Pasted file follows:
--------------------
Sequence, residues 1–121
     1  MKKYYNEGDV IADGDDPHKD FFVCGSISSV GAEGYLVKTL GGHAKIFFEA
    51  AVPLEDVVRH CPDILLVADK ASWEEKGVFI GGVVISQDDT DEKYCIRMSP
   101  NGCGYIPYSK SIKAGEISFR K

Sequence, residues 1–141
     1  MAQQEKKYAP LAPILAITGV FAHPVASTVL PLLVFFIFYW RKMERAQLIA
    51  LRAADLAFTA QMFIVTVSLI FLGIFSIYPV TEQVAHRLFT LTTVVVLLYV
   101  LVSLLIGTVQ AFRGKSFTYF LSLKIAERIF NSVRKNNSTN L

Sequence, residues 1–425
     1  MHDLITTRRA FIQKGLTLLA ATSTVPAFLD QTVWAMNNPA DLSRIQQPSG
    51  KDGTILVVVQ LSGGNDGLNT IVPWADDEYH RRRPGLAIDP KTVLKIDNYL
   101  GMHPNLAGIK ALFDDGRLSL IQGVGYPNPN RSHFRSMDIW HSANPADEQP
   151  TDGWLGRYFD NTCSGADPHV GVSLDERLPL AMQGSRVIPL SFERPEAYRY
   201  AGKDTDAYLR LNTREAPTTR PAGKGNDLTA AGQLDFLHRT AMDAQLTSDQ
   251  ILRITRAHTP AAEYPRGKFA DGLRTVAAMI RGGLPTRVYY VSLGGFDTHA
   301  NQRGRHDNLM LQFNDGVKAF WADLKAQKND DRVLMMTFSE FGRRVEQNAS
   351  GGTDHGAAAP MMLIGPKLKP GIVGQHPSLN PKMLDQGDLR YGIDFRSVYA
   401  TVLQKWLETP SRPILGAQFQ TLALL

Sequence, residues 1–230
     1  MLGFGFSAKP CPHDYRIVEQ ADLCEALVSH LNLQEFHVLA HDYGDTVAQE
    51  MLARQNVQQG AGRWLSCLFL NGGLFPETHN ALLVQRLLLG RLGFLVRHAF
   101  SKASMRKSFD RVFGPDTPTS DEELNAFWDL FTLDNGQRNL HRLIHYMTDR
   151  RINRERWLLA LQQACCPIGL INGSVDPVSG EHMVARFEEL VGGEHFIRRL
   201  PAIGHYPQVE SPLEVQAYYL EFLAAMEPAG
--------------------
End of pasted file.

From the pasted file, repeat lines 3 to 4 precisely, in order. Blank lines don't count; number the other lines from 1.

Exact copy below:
    51  AVPLEDVVRH CPDILLVADK ASWEEKGVFI GGVVISQDDT DEKYCIRMSP
   101  NGCGYIPYSK SIKAGEISFR K